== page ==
• light, sound, or smell sensitivity
  • dizziness
  • food cravings
  • chills
  • mood changes
  • yawning, fatigue, or difficulty sleeping
  • nausea or vomiting
  • moderate or severe headache

An entire migraine attack can last a few hours to several days.

To treat infrequent tension-type headaches, a person can take over-the-counter (OTC) pain relievers, such as nonsteroidal anti-inflammatory drugs (NSAIDs), aspirin, or acetaminophen.

However, overuse of these medications, particularly those containing caffeine, can cause more headaches. A person should ensure that they follow the instructions on the leaflet.

Behavioral changes, such as relaxation, breathing, or stress management techniques, have proven effective for chronic tension-type headaches.

Treatment for migraine includes medications. These can include:

  • enenmab (Aimovig)
  • galcanezumab-gnlm (Emgality)
  • lasmiditan (Reyvow)
  • ubrogepant (Ubrelvy)
  • triptan drugs
  • ergot derivative drugs
  • nausea relief medication

Additionally, other OTC medications, such as acetaminophen with caffeine or NSAIDs, help some people relieve migraine headaches.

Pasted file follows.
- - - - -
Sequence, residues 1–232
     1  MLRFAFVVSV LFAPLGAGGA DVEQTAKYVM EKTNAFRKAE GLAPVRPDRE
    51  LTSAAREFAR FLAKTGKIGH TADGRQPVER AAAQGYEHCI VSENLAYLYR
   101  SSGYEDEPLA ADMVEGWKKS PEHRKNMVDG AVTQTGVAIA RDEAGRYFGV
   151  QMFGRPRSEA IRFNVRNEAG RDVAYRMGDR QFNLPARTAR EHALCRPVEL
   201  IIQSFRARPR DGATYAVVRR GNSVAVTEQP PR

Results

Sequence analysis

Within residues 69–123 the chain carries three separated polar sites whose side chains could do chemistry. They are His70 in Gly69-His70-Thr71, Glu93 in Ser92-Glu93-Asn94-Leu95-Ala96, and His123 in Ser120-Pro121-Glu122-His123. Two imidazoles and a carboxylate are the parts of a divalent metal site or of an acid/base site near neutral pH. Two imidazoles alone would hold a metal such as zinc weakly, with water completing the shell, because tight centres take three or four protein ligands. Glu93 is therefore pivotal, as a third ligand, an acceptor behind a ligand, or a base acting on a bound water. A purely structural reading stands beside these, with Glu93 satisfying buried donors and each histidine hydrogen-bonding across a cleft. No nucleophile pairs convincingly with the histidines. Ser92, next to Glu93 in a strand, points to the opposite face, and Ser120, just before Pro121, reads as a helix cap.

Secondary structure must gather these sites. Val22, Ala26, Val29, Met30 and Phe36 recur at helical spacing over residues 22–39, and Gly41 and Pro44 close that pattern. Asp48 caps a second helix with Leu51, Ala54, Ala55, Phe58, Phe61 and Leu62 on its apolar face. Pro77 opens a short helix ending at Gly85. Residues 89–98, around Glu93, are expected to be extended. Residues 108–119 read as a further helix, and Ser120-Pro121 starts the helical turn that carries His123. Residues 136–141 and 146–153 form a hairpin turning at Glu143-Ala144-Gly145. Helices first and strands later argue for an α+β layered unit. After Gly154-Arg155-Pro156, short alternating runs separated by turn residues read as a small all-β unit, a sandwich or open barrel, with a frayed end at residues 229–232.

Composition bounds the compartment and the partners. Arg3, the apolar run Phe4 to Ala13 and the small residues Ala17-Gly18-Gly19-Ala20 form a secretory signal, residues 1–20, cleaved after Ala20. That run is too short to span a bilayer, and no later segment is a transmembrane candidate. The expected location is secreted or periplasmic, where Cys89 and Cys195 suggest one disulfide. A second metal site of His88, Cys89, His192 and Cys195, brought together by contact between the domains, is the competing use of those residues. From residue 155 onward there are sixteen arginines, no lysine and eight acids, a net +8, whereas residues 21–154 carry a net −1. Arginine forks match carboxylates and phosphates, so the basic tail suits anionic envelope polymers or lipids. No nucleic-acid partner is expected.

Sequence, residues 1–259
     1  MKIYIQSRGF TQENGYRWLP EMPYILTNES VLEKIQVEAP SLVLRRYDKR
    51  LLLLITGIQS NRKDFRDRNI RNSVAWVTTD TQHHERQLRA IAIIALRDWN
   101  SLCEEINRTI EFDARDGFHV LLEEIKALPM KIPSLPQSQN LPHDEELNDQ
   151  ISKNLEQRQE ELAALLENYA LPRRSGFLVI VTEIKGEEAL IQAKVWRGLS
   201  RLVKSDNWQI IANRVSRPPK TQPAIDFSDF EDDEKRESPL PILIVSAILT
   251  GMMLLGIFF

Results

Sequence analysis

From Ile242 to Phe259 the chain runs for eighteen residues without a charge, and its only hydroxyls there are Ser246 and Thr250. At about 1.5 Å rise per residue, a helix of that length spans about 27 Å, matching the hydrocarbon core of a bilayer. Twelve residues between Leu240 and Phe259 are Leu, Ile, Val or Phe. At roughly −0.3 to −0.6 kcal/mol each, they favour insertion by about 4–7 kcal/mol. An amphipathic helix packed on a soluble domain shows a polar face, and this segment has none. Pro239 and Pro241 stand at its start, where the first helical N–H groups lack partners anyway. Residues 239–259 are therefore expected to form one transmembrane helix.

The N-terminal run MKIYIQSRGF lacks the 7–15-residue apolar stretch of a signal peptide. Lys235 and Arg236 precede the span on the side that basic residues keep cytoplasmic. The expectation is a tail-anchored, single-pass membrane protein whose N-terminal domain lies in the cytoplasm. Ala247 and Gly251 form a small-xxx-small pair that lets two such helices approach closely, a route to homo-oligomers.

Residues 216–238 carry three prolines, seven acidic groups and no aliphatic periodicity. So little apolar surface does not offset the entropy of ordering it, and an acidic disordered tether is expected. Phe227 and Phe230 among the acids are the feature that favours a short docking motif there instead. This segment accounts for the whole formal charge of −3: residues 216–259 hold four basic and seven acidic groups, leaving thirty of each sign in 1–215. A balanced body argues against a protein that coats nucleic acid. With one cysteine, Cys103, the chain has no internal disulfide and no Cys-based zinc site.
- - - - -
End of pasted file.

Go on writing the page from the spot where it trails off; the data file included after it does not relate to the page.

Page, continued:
A person can also make changes to their lifestyle, such as:

  • maintaining sufficient sleep hygiene
  • taking part in regular exercise
  • maintaining a nutritious diet

Learn more about 15 home remedies for migraine relief and prevention.

To prevent stress-induced headaches, a person can aim to manage their stress levels.

The National Alliance on Mental Illness suggests the following methods to help manage stress:

  • Understanding a person’s needs: A individual can aim to identify their triggers and manage them.
  • Managing time: A person can prioritize and manage their time to minimize feeling overwhelmed by tasks.
  • Practicing relaxation techniques: Meditation and deep breathing can help lower stress levels.
  • Exercising: Taking part in exercise can help produce stress-relieving hormones.
  • Eating well: Eating a nutritious diet can help stabilize a person’s mood. Avoiding alcohol and caffeine can also help reduce stress levels.

If people are having difficulty managing their stress levels, they can speak with a doctor. They can help a person find ways to manage stress or refer them to a mental health specialist.

An individual should also contact a doctor if they experience:

  • frequent headaches
  • headaches that interfere with their ability to function
  • a change in an existing pattern of headaches

People can experience headaches due to stress, which can be a trigger for migraine headaches or tension-type headaches.

Tension-type headaches usually respond to over-the-counter medications and rest. Likewise, migraine headaches may respond to over-the-counter medications or may require prescription medication and rest.

Learning relaxation techniques, reducing stress, and identifying and avoiding triggers can help prevent stress headaches.

A person should contact a doctor if they are finding it difficult to manage their stress levels or are experiencing frequent headaches.